USING 3D LASER SCANNING SERVICES TO HELP UKRAINE SAVE ITS HISTORY
Preserving the Culture
During the recent war in Ukraine, the citizens are also vulnerable and susceptible to danger and history. This was of utmost importance on February 24, when shots were being fired in Kharkiv, Ukraine, and biologist Anton Vlaschenko aimed to save as many specimens as possible at the Ukrainian Bat Rehabilitation Center. With the help of 3D laser scanning services, more may be able to be saved.
The Ukrainian Bat Rehabilitation Center contains everything from rescued rehabilitating bats and collections of skulls. Vlasheckenko released the bats hibernating for the winter but had to keep the ones that were not healthy enough to release. The skulls are just as important to save because they contain information about evolution, climate change, migratory patterns, and future research.
Other Ways 3D Laser Scanning Services Are Being Used
The Bat Rehabilitation Center is not the only place at risk regarding Ukraine’s history; all museums, specimens, and data are also included. Some sciences use fossils that are meters long to do their work. In hopes of combating the loss of Ukraine’s history along with data and specimens collected from decades of work, 3D scanning services are being utilized.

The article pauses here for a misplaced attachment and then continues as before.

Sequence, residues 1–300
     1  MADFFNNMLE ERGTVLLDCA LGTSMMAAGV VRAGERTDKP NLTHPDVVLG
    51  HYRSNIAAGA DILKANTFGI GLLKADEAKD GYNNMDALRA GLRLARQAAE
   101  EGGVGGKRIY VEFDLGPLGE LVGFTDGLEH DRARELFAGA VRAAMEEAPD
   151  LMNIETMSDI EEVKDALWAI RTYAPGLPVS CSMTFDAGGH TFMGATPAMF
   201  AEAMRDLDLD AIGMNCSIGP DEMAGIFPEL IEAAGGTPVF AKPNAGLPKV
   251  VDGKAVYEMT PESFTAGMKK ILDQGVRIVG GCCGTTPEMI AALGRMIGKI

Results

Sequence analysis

Museums are bracing for impact and preparing to relocate ancient artifacts to safe spots—no one to say where and what places will be hit. Data archives were mainly stored on physical hard drives in Ukraine, which puts them at risk. People worldwide are helping transfer data over to one giant archive for Ukraine through 3D scanning services.
For data and specimens that may not be able to be saved, these 3D laser scans are utilized for scientific journals, book collections, and 3D tours of museums. This is done by transferring data to a collective site named “Saving Ukrainian Culture Heritage Online Online” SUCHO. Everything was copied to this giant archive. Unfortunately, the whole site went down.
Data is continuing to be transferred outside of Ukraine with the help of 3D scanning services. The worry is that Ukrainian servers will get shut down, which is why everyone from the Ukrainian Research Institute at Harvard and the German Archaeological Institute, and more, are coming together to provide ways for Ukrainians to upload data straight from their computers to a safe spot.
Five terabytes of data have been stored, mainly on culture and history. One hundred gigabytes of drawings, photos, and spatial data have been saved from the Cherkasy Regional Museum.
There is still much more to be uploaded and saved, including photos and archives from more museums, which would not be possible without the help of 3D scanning services.